James: [00:24:00] Usually it's usually the beach, but she's very, she's very trepidatious when we go left, because that doesn't always result in a fun experience.

Steve: [00:24:10] So whichever the wrong way turn is, I would make that turn. I would go a block and then go around the block, back to the good place. Then I would go two blocks out of the way and go back to the good place. It's about behavior modification. It's about then going to the veterinary clinic, going to the parking lot of the clinic and feeding your dog, not even going indoors then going inside the clinic and fear-free veterinary clinics, pre COVID, we're able to do this. You, you could go in and call them in advance and say, I just want a room to go into, I want a veterinary technician to come out. Maybe my veterinarian feed my dog and I go home. Veterinarians will gladly do that. Veterinarians want to make things better for your pets. That's why they do what they do. You know, 

James: [00:24:57] now I have goosebumps. That is so brilliant and so simplistic, but so profound.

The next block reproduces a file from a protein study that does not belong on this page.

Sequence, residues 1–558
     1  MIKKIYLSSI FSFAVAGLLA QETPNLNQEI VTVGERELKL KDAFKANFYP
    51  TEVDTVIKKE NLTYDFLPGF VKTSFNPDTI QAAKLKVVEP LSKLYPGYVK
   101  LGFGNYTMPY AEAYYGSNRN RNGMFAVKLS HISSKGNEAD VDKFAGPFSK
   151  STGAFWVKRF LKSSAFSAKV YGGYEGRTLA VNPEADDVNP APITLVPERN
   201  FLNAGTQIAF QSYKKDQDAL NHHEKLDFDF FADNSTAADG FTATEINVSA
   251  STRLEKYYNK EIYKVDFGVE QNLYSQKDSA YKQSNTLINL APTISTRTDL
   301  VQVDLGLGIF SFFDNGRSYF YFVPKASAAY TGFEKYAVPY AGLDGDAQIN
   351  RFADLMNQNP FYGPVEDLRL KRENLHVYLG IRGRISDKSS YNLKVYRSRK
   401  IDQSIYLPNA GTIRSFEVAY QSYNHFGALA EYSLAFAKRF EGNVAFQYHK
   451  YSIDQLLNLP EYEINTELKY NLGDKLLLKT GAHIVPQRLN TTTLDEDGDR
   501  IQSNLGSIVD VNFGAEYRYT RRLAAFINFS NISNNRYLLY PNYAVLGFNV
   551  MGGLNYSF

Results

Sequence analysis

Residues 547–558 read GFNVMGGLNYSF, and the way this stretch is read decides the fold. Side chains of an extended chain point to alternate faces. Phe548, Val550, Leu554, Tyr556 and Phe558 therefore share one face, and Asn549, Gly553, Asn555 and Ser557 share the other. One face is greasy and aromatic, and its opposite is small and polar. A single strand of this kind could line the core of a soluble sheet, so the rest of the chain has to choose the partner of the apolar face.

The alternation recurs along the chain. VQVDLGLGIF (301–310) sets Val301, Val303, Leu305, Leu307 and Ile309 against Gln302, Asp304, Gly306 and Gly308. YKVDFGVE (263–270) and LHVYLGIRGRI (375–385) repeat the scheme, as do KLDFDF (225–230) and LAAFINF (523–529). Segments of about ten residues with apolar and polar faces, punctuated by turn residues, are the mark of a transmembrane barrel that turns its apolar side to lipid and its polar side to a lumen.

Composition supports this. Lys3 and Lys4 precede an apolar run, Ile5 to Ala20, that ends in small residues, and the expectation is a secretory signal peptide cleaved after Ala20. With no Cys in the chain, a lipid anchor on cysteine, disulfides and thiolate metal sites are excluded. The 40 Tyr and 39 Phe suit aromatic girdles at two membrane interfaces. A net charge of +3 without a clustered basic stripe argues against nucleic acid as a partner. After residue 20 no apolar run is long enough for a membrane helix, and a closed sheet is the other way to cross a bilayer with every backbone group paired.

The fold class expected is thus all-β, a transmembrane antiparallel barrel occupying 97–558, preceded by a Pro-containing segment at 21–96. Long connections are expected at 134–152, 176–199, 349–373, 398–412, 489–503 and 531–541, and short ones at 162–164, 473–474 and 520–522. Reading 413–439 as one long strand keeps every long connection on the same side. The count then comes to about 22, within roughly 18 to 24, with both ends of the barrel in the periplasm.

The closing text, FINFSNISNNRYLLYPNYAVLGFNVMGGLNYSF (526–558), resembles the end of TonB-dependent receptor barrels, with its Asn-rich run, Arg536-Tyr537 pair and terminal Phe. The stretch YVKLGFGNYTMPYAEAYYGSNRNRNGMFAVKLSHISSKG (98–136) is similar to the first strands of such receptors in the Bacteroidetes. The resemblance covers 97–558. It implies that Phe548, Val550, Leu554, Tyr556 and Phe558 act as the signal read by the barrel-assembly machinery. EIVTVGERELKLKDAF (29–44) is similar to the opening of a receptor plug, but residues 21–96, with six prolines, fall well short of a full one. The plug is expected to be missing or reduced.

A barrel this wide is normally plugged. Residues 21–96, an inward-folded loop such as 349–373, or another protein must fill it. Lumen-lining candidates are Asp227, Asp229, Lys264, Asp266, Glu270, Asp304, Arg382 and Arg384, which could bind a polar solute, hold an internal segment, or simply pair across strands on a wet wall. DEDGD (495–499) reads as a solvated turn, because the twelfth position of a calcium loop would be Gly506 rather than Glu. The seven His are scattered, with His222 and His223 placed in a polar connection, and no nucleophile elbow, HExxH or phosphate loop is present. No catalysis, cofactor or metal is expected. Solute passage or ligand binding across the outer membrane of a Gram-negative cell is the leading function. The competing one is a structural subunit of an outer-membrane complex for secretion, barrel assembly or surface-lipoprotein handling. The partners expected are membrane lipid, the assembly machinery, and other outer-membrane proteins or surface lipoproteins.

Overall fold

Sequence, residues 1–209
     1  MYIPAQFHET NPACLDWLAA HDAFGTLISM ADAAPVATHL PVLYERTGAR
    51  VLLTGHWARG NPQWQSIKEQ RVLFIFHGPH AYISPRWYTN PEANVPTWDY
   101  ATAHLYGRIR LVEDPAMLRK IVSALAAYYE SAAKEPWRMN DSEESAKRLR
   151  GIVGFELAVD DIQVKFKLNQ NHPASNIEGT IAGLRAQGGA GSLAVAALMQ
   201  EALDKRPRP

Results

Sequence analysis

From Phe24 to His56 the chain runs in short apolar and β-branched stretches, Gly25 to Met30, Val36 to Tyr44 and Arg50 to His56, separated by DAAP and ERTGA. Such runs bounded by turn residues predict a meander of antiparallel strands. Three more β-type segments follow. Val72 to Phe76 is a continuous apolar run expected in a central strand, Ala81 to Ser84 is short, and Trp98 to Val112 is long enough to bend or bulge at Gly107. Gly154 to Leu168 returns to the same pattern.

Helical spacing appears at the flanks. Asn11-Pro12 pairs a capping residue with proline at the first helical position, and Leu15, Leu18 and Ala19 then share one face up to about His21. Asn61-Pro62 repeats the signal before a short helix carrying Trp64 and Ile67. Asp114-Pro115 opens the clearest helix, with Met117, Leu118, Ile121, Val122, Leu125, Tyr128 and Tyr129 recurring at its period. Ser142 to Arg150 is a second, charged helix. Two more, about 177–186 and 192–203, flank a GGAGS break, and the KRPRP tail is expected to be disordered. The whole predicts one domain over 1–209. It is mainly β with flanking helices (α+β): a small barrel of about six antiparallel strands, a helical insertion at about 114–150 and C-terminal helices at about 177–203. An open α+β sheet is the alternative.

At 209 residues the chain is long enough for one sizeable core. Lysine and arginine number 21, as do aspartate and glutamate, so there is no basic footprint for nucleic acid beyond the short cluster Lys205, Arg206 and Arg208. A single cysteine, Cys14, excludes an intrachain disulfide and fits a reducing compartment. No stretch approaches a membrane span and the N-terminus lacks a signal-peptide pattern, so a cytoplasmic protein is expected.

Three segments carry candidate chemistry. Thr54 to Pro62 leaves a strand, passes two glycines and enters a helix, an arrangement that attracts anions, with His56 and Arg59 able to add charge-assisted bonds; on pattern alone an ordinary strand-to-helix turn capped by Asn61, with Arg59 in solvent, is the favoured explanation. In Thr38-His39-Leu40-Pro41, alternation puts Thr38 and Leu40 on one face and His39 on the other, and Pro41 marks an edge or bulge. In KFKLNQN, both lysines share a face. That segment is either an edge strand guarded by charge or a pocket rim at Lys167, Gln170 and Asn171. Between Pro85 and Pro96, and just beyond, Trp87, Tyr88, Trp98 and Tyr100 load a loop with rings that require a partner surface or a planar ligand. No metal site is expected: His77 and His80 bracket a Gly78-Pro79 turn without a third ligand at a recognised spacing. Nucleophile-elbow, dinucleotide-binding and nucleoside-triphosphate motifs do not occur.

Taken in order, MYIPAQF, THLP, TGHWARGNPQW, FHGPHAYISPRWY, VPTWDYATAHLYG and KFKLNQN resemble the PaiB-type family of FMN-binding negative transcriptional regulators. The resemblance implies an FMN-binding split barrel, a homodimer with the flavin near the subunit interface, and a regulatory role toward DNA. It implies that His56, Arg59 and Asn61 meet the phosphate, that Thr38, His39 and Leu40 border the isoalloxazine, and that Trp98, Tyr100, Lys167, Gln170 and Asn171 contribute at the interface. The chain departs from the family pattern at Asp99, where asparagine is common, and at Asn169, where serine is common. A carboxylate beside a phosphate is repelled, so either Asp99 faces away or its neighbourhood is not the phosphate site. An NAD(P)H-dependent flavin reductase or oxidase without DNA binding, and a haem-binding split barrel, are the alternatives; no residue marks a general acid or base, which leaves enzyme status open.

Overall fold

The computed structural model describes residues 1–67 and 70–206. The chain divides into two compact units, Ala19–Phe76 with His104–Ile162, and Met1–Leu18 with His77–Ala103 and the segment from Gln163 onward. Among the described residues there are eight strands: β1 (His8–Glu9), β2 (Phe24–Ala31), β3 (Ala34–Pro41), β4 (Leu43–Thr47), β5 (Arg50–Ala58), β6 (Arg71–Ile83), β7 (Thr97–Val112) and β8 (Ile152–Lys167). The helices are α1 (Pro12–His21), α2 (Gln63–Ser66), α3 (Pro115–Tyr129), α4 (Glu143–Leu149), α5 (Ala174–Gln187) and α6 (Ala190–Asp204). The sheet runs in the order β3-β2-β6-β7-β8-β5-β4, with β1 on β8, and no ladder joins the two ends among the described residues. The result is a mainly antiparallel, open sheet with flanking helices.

Steve: [00:25:04] You know, and, you know, I understand it's difficult to do that right now because of COVID, but the part about driving you can do and to the parking lot, you know, I, I, I can't tell you how many dogs will you arrive at the parking lot, they look up, they know where they are. I have videos of this, uh, and they're screaming, literally screaming. And then we laugh either because we're embarrassed or we laugh because, oh, that's kind of funny. Well, it's not funny. They're horrified. 

James: [00:25:33] Okay. Now let's talk about how brilliant Dr. Bakker was at marketing this positioning this, because it is for the benefit of the, of the pets, but it's also for the benefit of the veterinarians who you say are now getting, and this is being expanded well beyond the United States is going all over the world.